Trying To Convince Your Adult Child To Go To Rehab?
Addiction plays a dangerous game with our hearts and minds, and when a loved one – especially a son or daughter – is addicted to drugs or alcohol, it’s easy to become desperate.
You’ve watched helplessly as they’ve lost relationships, their children, their jobs, their freedom – almost everything that makes life worth living. The haunting thought that the next fix may be the last fix. keeps you up at night, every night.
We’ll do anything to stop them from picking up another beer; anything to stop them from meeting with their dealer; anything to stop them from bumping another line of cocaine, taking another Xanax, or sticking another needle in their arm.
Sometimes, that “anything” is the right thing. Most of the time, however, “anything” isn’t helping. Incentivizing, bargaining and bribing will get you nowhere when it comes to getting your loved one into drug addiction treatment programs.
Loving someone in active addiction is terrifying.
Loving someone who is addicted to drugs or alcohol can be one of the most stressful and painful situations we could ever encounter in our lives. Especially if that person is your child. There is likely not an hour that goes by that you aren’t worried about where your child is, what he is doing, and if you’ll ever see him again.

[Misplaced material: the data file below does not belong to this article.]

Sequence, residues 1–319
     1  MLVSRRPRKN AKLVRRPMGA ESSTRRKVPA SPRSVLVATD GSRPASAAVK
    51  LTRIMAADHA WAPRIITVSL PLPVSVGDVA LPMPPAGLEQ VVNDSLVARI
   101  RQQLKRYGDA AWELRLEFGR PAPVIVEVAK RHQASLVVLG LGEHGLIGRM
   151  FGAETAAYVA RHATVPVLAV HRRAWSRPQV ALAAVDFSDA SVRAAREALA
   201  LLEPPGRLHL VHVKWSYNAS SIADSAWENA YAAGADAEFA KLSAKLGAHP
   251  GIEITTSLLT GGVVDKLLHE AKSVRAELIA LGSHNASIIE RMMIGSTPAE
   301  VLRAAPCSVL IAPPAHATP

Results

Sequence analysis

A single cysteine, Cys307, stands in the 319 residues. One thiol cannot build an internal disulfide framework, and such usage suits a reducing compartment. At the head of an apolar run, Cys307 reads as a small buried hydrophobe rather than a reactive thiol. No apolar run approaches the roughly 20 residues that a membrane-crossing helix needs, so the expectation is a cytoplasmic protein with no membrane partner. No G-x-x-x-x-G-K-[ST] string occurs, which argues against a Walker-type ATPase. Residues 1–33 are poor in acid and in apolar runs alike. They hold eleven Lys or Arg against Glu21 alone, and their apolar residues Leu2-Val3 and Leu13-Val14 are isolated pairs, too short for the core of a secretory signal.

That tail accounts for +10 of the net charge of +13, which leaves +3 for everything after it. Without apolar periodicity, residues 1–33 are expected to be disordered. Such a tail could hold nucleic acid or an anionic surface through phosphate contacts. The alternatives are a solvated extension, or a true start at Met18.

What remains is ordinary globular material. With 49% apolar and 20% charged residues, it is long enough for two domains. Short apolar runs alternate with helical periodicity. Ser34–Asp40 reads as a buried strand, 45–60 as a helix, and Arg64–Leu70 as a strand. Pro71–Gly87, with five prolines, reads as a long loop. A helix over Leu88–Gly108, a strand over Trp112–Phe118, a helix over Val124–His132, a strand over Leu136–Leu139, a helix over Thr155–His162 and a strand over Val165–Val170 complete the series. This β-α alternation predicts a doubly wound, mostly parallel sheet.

When your patience and emotions are shot, and you don’t have anyone to help you figure out what to do to help him – it’s easy to resort to compromising, bargaining – or even bribing your child to take steps to get help for their addiction. Although your actions are purely done with the best intention in your heart – you need to know that these actions can be dangerous and even deadly.
If you’re a parent, chances are – at some point, you’ve incentivized your child to do something, or not do something. “If you eat all of your carrots, you get to have dessert!” or “If you are on your best behavior at the store, you can pick out one toy when we’re done.” or “If you get all A’s and B’s this semester, I’ll buy you a new iPad.”
Addiction isn’t anything like the bad or good behaviors you’ve dealt with over the years as a parent. Addiction is a serious and progressive disease. You can’t love someone into addiction recovery. You can’t buy their desire to get healthy.
At Addiction Campuses, we often speak with parents and grandparents who have reverted to old methods of dealing with their child or grandchild. Unfortunately, bribes and rewards won’t heal the addiction, mental or behavioral issues.
Here’s how to change your approach.
Example #1: “If you quit drinking, I’ll pay for you to go to college.”
At first thought, this seems like a great idea – right? Going to college gives a person a sense of responsibility, structure, and a higher education. Paying for college is investing in your child’s future. She’d spend less time drinking and more time studying, writing papers, and taking exams.
Reality: Addiction isn’t a series of poor decision and bad behaviors. Addiction and alcoholism are disease that aren’t cured by midterms and higher education. Only drug and alcohol rehab can treat this disease. Your tuition money would be better spent on treatment to save his or her life.